Losses rise – but retail strong

By Administrator |

BAA has reported a 12.8% increase in revenues to ?1.154bn ($1.897bn) in its first six-month trading period ending June 30, but also a pre-tax loss of ?546m ($897m) representing a 303% decline on the result

last year. However, the UK airports company also pointed to a very strong retail performance at Heathrow, alongside that of airside and landside shops across all of the group's seven airports.

BAA – which is majority owned by Spanish company Ferrovial – reported a 7.4% overall decline to 4.4m passengers using its key London airports of Heathrow, Gatwick and Stansted over the period, while total passenger numbers for the group ended the period at 55.2m – down from 59.6m in the comparative period in 2008.

Net retail income (NRI) increased by 7.3% to ?4.72 ($7.59) compared with ?4.39 ($7.21) in the first six months of 2008 and BAA said that this was based on gross retail income of ?285.3m ($469m) compared with ?280.6m ($461m) in the comparative 2008 period. At Heathrow, NRI per passenger increased by 11.1% to ?5.08 ($8.35) or by 9.1% to ?4.99 ($8.20) after adjusting for ?2.9m ($4.7m) of non-recurring income.

Referring to Heathrow, BAA said: ‘Its performance was driven by in-terminal shopping, reflecting increased passenger numbers benefiting from Terminal 5's high quality retail facilities, and a higher proportion of intra-terminal transfer passengers, providing longer departure lounge dwell times for such passengers. It also reflects the improved value of the offer resulting from the depreciation of sterling.

‘NRI per passenger also increased at Gatwick, up 2.1% to ?4.53 ($7.44) with strength in airside specialist shops and duty and tax free more than offsetting weakness in car parking. At Stansted, NRI per passenger declined 0.3% to ?3.79 ($6.22) with significant growth in airside specialist shops and duty and tax free offset by weakness in car parking and bureaux de change.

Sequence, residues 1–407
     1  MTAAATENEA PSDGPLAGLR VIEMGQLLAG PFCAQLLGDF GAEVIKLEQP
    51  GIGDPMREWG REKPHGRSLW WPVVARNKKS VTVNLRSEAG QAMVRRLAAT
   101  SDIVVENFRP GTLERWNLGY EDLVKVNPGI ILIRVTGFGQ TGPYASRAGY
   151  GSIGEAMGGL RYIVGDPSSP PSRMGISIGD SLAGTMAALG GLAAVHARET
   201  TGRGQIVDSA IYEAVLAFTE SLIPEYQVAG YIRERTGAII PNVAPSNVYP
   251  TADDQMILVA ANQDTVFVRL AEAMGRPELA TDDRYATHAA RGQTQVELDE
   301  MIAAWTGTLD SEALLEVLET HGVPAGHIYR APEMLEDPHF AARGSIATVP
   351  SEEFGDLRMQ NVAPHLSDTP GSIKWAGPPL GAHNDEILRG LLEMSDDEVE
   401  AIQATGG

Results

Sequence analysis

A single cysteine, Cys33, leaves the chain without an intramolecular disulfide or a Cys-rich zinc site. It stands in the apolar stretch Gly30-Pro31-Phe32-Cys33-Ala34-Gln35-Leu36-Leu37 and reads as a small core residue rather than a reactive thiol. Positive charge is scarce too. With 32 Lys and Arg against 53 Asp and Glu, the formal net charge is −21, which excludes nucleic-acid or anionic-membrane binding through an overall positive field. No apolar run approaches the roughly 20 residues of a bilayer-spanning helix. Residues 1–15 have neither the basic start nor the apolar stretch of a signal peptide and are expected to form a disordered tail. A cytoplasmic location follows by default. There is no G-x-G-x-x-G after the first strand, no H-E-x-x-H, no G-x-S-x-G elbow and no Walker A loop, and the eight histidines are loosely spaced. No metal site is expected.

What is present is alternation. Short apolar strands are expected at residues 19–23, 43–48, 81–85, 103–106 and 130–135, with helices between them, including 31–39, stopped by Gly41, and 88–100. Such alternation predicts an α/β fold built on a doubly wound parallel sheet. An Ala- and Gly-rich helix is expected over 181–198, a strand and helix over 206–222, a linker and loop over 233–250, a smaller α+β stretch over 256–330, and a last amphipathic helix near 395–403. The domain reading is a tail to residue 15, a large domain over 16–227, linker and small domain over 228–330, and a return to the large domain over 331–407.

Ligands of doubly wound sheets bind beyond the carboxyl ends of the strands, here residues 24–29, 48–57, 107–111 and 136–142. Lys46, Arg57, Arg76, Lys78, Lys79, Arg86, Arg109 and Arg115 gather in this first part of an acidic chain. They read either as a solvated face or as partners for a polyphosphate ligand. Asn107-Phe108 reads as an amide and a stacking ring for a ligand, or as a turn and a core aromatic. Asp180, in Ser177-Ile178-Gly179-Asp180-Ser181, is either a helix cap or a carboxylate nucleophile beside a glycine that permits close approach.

BAA Ceo Colin Matthews said: ‘BAA's underlying financial performance remains in line with our expectations. I am particularly pleased that Heathrow continues to show its resilience, but trading conditions for the industry remain difficult.’

Of the three London airports, Heathrow is holding up best in terms of traffic. More than 31.2m travellers used the hub between January and June, only 3.9% fewer than in the same period the year before. But passenger numbers at Stansted fell by 14.4%, or 1.6m as its main airlines, Ryanair and easyJet, cut capacity to cope with the recession.

The long-haul market continued to outperform the overall market with traffic down 6% to 19.9m, although markets such as India (+5.8%) and the Middle East (+5.6%) continued to grow despite the adverse economic conditions. European passenger traffic declined 7.8% to 30.2m with continued weakness in the charter market, but some recent signs of moderating year-on-year declines in scheduled traffic.

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